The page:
Chlamydia is the most common STI in the United States. It is easy to get Chlamydia and can be passed through vaginal, anal, or oral sex. Chlamydia is often asymptomatic and can be hard to diagnose. There are no visible signs or symptoms of chlamydia.
If left untreated, Chlamydia can cause serious health problems in men, women, and babies. It can also cause infertility in women. A person can get chlamydia several times because the bacteria stays in the body for life. Chlamydia can be treated with antibiotics.
Gonorrhea is a bacterial STD that is transferred through sexual contact. There are two types of Gonorrhea: Neisseria Gonorrhoeae and Chlamydia trachomatis.
Gonorrhea is very common in the United States. The first symptom of gonorrhea is a burning sensation during urination. A few days later, the person will have a yellow/green discharge from their penis/vagina. In the next few days, the person will have pain in their lower abdominal area that can spread to the testicles or anus. A person can also have pus filled sores in the genital area.
Gonorrhea is treated with antibiotics, but it is very important to see a doctor as soon as possible.
6. Hepatitis A
Hepatitis A is a viral STD that is transferred through sexual contact. There are two types of Hepatitis A: Hepatitis A and Hepatitis B.
The symptoms of Hepatitis A are jaundice (yellowing of the skin and eyes), fever, fatigue, nausea, loss of appetite, pain in the abdomen, dark-colored urine, and light-colored stool. Hepatitis A is diagnosed through blood tests. It is possible to have Hepatitis A and not have any symptoms.
Hepatitis A is treated with rest, fluids, and a diet that is high in protein.
7. Hepatitis B & Hepatitis C
Hepatitis B is a viral STD that is transferred through sexual contact. Hepatitis B and Hepatitis C are similar and there is a blood test for Hepatitis B and a blood test for Hepatitis C. There is no cure for Hepatitis B or Hepatitis C, and they can get worse with time.
Hepatitis B and Hepatitis C can cause liver disease, liver cancer, and death. The symptoms of Hepatitis B and Hepatitis C are fatigue, jaundice, confusion, nausea, vomiting, extreme abdominal pain, pale gums, and dark urine.
Hepatitis B is treated with rest and fluids, but there is no cure.
Trichomoniasis is a viral STD that is transferred through sexual contact. It is very common in the United States.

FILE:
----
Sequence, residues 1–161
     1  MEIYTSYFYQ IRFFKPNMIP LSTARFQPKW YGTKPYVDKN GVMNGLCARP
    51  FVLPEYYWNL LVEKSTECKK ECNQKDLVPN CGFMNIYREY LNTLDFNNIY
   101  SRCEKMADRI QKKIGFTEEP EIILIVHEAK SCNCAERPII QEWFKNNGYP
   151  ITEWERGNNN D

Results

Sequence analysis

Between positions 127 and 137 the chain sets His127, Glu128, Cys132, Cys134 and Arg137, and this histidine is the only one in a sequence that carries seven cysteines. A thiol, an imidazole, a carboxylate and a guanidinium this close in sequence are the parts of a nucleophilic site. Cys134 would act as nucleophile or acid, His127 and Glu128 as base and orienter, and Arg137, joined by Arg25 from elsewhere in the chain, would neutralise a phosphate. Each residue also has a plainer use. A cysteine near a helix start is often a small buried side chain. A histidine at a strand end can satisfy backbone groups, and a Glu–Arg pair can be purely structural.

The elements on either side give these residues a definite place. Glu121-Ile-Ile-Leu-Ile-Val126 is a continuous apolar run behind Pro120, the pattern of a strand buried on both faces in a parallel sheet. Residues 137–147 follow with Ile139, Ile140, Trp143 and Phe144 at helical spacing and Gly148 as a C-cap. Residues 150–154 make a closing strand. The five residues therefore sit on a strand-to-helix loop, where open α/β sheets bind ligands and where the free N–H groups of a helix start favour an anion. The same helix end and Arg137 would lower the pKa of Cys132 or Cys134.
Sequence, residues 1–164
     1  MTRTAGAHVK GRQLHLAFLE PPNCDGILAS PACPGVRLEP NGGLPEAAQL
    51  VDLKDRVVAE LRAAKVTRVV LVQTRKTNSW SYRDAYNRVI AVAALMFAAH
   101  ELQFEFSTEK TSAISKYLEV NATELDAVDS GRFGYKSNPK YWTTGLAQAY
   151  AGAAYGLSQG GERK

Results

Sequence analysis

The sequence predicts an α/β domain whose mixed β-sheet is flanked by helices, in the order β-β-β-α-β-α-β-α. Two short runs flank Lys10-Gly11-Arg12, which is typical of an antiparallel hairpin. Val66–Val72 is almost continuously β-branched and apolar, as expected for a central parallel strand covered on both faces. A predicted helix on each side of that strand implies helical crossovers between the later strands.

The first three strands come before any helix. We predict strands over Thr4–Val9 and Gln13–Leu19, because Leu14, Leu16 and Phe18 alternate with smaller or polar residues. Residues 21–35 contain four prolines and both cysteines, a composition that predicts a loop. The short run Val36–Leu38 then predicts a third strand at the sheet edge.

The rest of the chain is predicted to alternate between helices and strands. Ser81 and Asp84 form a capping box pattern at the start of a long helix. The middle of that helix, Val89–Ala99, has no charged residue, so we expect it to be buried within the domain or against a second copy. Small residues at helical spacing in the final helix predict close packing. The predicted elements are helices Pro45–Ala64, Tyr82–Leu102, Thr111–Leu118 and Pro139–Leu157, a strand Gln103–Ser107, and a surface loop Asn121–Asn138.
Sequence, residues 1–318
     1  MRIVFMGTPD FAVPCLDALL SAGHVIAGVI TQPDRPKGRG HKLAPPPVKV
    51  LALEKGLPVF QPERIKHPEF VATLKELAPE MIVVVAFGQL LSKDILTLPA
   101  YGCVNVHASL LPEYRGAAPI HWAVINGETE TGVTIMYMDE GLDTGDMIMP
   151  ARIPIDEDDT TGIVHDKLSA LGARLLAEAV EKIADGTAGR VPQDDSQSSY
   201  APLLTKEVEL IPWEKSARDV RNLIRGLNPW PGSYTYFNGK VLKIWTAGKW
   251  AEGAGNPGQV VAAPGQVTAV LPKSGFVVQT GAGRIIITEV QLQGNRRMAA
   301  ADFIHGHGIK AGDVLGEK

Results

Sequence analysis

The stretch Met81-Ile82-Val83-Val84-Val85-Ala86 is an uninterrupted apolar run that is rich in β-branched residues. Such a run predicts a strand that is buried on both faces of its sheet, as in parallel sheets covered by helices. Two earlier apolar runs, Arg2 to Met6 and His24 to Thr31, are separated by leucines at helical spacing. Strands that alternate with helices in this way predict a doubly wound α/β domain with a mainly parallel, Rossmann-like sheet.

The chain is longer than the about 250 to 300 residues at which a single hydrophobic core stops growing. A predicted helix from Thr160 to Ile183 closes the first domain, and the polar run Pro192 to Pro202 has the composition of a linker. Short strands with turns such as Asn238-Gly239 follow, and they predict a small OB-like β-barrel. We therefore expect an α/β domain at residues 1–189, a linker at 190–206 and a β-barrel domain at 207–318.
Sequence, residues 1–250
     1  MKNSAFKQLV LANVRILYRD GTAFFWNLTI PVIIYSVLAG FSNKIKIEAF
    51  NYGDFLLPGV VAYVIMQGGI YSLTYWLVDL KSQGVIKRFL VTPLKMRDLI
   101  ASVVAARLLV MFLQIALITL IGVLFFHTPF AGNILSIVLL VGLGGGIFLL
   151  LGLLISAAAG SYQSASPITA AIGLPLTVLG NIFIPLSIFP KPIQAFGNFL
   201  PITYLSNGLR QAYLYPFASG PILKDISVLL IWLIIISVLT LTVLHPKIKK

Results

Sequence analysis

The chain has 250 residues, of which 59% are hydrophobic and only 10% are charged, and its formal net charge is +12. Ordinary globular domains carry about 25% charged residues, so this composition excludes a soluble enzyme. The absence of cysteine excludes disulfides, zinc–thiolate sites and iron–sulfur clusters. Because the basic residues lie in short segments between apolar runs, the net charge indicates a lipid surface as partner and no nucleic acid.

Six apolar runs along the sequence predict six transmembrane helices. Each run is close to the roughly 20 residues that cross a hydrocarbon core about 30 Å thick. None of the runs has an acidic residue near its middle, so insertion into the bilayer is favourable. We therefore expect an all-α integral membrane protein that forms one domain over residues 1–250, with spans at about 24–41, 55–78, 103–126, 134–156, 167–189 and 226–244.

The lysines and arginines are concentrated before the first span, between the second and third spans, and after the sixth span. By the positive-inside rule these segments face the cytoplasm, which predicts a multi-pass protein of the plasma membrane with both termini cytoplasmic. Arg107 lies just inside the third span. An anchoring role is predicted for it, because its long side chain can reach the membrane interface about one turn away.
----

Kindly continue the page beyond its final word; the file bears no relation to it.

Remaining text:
The first symptom of trichomoniasis is itching in the genital area. It usually goes away after about a week. However, there is then a foul-smelling yellowish discharge from the vagina or penis. The discharge can be foamy and sticky, and it can cause pain during urination. The discharge can cause irritation in the eyes, mouth, and vagina. The symptoms typically go away in several weeks, but they can cause serious problems such as vaginal and bladder infections.
Trichomoniasis may be hard to pronounce, but it isn't hard to treat. Antibiotics can clear up the infection.
How To Prevent STDs and STIs
There are many ways to prevent getting an STD or STI. It is important to be aware of the symptoms of STDs and STIs. If you have symptoms, go to your doctor immediately.
There are many ways to reduce your risk of contracting an infection including using condoms and regular check-ups with your doctor. It is important to protect yourself by using condoms and practicing safe sex. Make sure to use a new condom every time you have sex and make sure to use a new condom if having sex with more than one person.
Many people are unaware that they have an STD or STI. Even if you are in a relationship, get tested regularly.
Safe Sex Tips:
1. Use a condom, which acts as a barrier for most STDs and STIs.
2. Limit your sexual partners.
3. Get tested regularly.
4. Having sex with only one person who only has sex with you is the best way to prevent STDs and STIs.
5. Have sex only with someone who has been tested recently.
This blog post is for educational purposes only and does not constitute medical or other professional advice. Your specific circumstances should be discussed with a healthcare provider. All statements of opinion represent the writers' judgement at the time of publication and are subject to change. Phoenix and its affiliates provide no express or implied endorsements of third parties or their advice, opinions, information, products, or services.